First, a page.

One worry with security clearances is that they tend to mostly screen for impulsive behaviors such as crime and drug use (at least, according to my limited understanding of how these security clearances work) and would thus often fail to detect more strategic malevolent individuals.

Also, your claim that “we generally do not use this tool [i.e., security clearances]” feels too strong. For example, 5.1 million Americans seem to have a security clearance. Sounds like a lot to me. (Maybe you had a different country in mind.)

I conjecture that the impact of this agenda will be bottlenecked on figuring out how to leave the malevolent people a line of retreat; making sure that if you score high on this, the implications aren't that bad.

Good point. I guess we weren’t sufficiently clear in the post about how we envision the usage of manipulation-proof measures of malevolence. My view is that their results should, as a general rule, not be made public and that individuals who are diagnosed as malevolent should not be publicly branded as such. (Similarly, my understanding is that if someone doesn’t get a top level security clearance because they, for instance, have a serious psychiatric disorder, they only don't get the job requiring the security clearance—it's not like the government makes their mental health problems public knowledge.)

My sense is that malevolent individuals should only be prevented from reaching highly influential positions like becoming senators, members of Congress, majors, CEOs of leading AGI companies, et cetera. In other words, the great majority of jobs would still be open to them.

Of course, my views on this issue are by no means set in stone and still evolving. I’m happy to elaborate on my reasons for preferring this more modest usage if you are interested.

Comment by david_althaus on Reducing long-term risks from malevolent actors · 2020-04-30T16:15:40.093Z · score: 7 (6 votes) · EA · GW

Thank you!

Agree, these posts are excellent. For what it's worth, I share Gwern's pessimistic conclusion about the treatment of psychopathy. Other Dark Tetrad traits—especially if they are less pronounced—might be more amenable to treatment though I'm not especially optimistic.

However, even if effective treatment options existed, the problem remains that the most dangerous individuals are unlikely to ever be motivated to seek treatment (or be forced to do so).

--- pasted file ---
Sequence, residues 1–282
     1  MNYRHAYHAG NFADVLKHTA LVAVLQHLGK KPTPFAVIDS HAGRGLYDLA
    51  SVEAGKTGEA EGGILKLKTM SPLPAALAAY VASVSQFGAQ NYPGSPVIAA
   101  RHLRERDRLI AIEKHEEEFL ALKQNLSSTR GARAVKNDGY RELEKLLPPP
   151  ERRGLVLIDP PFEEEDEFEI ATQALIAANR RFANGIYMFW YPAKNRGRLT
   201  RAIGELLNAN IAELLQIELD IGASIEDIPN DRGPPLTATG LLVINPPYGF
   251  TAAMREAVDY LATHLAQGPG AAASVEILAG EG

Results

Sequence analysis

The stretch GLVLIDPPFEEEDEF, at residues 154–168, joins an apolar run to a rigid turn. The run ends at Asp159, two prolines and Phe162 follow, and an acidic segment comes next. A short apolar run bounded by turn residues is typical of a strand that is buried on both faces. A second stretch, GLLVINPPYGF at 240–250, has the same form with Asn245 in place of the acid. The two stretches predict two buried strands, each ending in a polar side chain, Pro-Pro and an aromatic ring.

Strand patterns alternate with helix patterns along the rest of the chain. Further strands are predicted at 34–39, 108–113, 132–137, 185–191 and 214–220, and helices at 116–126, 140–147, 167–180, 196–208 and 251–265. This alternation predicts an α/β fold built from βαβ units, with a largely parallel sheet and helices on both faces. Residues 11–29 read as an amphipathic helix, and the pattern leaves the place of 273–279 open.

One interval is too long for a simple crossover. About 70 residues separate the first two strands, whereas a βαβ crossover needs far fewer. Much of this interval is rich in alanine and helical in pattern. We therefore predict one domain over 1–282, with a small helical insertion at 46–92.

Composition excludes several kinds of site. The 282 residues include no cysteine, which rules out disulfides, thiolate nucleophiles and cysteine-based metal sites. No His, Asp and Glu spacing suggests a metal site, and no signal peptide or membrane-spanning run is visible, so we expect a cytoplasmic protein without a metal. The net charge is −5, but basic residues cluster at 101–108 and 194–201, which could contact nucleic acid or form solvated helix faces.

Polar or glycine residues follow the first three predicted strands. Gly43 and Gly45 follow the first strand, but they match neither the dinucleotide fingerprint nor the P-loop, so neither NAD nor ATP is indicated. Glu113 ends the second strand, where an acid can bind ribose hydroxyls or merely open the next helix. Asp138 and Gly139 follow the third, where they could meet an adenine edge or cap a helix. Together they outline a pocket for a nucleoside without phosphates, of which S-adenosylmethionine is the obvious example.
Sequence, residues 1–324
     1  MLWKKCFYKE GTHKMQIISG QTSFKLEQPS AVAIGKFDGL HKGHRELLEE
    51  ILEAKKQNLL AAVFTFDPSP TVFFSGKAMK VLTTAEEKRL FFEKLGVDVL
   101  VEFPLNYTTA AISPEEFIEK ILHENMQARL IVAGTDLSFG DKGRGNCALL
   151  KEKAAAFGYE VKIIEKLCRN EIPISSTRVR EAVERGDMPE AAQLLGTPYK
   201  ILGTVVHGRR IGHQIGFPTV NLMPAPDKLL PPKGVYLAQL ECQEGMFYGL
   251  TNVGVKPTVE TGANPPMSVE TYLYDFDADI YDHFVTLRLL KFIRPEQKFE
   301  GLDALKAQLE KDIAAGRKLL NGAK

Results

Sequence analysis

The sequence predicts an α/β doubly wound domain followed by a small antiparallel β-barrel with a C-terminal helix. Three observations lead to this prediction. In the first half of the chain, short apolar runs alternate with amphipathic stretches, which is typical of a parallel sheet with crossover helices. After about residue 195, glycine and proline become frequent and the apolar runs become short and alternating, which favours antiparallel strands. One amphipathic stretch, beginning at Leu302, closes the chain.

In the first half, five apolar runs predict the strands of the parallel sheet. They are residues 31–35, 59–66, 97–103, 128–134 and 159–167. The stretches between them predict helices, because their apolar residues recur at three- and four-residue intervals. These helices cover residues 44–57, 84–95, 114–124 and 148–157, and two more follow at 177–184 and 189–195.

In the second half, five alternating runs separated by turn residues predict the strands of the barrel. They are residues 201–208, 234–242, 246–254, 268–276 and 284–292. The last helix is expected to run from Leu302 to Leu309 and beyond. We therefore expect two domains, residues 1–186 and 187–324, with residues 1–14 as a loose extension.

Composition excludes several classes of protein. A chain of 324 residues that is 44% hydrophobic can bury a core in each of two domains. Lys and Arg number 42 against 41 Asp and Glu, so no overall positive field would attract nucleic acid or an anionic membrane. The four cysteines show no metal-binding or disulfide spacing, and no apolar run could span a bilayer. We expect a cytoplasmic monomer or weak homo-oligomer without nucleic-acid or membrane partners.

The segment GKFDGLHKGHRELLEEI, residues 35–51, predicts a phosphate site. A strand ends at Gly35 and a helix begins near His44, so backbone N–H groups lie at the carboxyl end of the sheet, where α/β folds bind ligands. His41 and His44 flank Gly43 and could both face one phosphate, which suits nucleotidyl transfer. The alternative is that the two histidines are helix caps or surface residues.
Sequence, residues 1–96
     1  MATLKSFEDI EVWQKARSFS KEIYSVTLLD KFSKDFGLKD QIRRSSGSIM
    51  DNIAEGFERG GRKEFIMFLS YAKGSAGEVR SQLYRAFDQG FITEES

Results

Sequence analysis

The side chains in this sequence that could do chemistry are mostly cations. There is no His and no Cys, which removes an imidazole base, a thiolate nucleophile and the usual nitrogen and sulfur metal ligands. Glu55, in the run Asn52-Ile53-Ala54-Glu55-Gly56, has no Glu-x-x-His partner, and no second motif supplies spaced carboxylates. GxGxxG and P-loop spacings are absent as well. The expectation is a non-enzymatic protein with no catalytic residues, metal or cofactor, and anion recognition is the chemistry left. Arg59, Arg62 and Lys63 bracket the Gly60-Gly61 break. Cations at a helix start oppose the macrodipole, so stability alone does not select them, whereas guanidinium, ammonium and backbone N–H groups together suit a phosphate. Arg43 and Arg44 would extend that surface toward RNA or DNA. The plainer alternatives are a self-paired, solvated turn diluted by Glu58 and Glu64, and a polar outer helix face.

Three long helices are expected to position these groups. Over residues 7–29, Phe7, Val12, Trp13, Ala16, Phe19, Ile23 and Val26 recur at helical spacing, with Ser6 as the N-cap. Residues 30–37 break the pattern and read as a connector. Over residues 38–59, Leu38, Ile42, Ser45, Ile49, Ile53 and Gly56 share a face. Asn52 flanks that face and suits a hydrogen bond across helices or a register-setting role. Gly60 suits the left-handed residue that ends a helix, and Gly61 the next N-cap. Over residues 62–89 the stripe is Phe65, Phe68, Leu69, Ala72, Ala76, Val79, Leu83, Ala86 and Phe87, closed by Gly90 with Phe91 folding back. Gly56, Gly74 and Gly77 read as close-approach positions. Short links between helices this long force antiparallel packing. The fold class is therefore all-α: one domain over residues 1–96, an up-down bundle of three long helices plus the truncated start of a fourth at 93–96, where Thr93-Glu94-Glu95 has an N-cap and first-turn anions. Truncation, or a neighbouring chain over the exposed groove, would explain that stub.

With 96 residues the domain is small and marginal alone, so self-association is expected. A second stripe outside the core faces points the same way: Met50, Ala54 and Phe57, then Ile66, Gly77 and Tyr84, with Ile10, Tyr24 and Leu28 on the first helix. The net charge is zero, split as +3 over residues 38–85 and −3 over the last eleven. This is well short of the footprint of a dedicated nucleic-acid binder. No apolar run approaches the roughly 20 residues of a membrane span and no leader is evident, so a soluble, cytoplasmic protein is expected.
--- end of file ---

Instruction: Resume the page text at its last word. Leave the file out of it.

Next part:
Comment by david_althaus on Reducing long-term risks from malevolent actors · 2020-04-30T12:19:04.820Z · score: 18 (8 votes) · EA · GW

Thank you, good points.

I agree that it’s not clear whether sadism is really worse than the Dark Triad traits.

e.g., Hitler was kind of cautious concerning the risk of nuclear weapons igniting the atmosphere,

I’m not sure whether Hitler and Stalin were more sadistic than they were Machiavellian or narcissistic. If I had to decide, I’d say that their Machiavellianism and narcissism were more pronounced than their sadism.

Regarding Hitler being “kind of cautious”: It seems plausible to me that Hitler was less cautious than a less malevolent counterfactual German leader.

What is more, it seems not too unlikely that Hitler would have used nuclear weapons in 1945 if he had had access to them. For instance, see this quote from Glad (2002, p. 32):

As the Allies closed in on Berlin, [Hitler] wanted churches, schools, hospitals, livestock, marriage records, and almost anything else that occurred to him to be destroyed. In April 1945 he wanted the entire leadership of the Luftwaffe to be summarily hanged. He considered bringing about the destruction of German cities by announcing the execution of all Royal Air Force war prisoners, so that there would be massive bombing in reprisal. He may also have given orders for all wounded German soldiers to be killed. His aim became the destruction of Germany in the greatest Gotterdaemmerung of history. As Albert Speer said about Hitler's obsession with architecture: "Long before the end I knew that Hitler was not destroying to build, he was building to destroy.

You write:

and Stalin was partially useful in WW II and avoided WW III.

I'm not sure about that. Stalin was kind of Hitler’s ally until Hitler invaded Russia. In other words, if it weren’t for Hitler (and his overconfidence), Stalin might have even helped Hitler to win WW II (though Hitler might have lost WW II even with Stalin's support, I don't know). I’m no historian but Stalin’s response to Hitler’s invasion also seems to have been rather disastrous (see also Glad, 2002, p.8) and might have ended up in Russia losing WW II.